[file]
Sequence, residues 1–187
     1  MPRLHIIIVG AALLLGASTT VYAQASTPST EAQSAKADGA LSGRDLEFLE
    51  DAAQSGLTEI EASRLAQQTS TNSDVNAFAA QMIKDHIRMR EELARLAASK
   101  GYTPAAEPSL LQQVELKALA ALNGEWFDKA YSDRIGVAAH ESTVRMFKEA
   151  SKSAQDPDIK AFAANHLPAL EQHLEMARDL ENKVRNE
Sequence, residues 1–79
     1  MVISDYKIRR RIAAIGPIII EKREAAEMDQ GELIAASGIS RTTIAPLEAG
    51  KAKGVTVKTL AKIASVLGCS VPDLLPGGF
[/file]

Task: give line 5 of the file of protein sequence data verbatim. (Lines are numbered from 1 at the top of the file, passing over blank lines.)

   151  SKSAQDPDIK AFAANHLPAL EQHLEMARDL ENKVRNE